The board of Pascack Bancorp in Waldrick, N.J., spent years debating whether to sell the company or remain independent.
Deliberations took on new meaning when the $3.7 billion-asset Lakeland Bancorp in Oak Ridge, N.J., began pursuing the company in early 2014, according to new disclosures tied to a proposed legal settlement with Pascack shareholders.
Lakeland reached an agreement in August to buy the $403 million-asset Pascack for $44 million in cash and stock.
Pascack was initially lukewarm on selling itself, the disclosures show. In November 2013, the company's board "determined that it was not the right time to sell," agreeing to direct potential suitors to Chairman Jon Hanson. In the fall of 2014, FinPro Capital Advisors and Windels Marx Lane & Mittendorf, Pascack's advisers, told directors that they "believed a sale was premature."
Lakeland, as disclosed in earlier filings, met with Pascack representatives several times during 2014 in an effort to make a deal happen, though no price was discussed.
A divide among Pascack directors surfaced in the fall of 2014. While most directors favored independence, the disclosures show that "several members … believed the company should explore a combination with Lakeland or other strategic alternatives." At least one of those directors had discussions with Lakeland.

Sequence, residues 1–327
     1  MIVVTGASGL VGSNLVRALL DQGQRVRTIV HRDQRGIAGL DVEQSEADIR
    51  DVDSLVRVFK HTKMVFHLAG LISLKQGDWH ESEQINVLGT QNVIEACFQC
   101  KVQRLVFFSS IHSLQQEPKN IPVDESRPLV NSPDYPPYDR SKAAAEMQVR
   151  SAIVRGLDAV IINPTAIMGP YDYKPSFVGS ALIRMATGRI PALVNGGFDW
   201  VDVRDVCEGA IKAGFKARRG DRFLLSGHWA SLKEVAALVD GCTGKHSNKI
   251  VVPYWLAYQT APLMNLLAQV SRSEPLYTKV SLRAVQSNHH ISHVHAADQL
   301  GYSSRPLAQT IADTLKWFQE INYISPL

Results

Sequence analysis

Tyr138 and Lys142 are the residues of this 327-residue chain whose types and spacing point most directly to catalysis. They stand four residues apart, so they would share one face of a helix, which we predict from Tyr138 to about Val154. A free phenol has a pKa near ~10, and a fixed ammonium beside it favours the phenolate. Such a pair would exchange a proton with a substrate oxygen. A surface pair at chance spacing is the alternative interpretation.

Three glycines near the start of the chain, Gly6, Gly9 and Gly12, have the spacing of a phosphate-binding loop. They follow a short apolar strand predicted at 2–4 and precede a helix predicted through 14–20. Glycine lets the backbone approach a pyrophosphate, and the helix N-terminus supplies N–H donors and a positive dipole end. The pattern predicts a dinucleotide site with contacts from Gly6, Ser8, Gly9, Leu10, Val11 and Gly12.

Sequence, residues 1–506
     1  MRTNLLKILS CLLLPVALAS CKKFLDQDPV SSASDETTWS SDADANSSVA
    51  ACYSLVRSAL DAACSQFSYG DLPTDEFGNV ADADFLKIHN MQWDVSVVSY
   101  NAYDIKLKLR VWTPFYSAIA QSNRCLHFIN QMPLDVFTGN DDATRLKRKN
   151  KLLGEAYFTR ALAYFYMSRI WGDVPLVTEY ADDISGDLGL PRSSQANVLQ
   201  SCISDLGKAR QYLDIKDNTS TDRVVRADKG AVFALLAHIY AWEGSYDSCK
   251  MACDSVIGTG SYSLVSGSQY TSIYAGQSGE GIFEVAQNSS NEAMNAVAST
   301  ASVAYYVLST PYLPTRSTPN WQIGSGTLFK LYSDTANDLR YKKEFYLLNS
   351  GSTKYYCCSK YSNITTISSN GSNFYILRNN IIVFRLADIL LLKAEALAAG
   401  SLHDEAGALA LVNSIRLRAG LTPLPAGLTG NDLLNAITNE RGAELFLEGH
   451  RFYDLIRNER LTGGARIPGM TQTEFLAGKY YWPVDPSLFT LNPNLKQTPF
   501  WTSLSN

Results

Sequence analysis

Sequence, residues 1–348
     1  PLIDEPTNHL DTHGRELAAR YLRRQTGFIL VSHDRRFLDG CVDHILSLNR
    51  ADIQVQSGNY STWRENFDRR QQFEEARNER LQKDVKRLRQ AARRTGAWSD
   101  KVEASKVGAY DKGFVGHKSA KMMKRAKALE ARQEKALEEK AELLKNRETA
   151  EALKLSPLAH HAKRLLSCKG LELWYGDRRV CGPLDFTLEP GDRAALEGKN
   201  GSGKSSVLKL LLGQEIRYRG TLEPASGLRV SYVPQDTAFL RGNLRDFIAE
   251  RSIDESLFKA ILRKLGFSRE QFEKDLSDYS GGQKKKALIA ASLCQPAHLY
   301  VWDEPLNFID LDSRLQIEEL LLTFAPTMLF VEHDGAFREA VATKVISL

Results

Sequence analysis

Informal talks between Lakeside and Pascack resumed in February. In June, Lakeland presented a term sheet offering $12.75 a share. (Lakeland's board had already authorized management to pay up to $13.50 a share.)
The disclosures also reveal that an analysis by Sandler O'Neill, which also advised Pascack, found that "several parties" could have offered Pascack more than what Lakeland had proposed.
"Sandler O'Neill had not contacted these parties and so did not know whether they would, in fact, have any interest in a transaction with Pascack," the disclosures show.
Pascack's board considered Sandler's analysis before opting against an auction process, choosing instead to negotiate directly with Lakeland.
Lakeland in late June provided another nonbinding indication of interest that valued Pascack at $51 million, or $13.15 a share. Due diligence, however, turned up a difference of opinion on the valuation of real estate and fixed assets tied to Pascack's branches, eventually prompting Lakeland in late July to lower its offer to $11.35 a share.
That valuation was used when the companies announced the merger.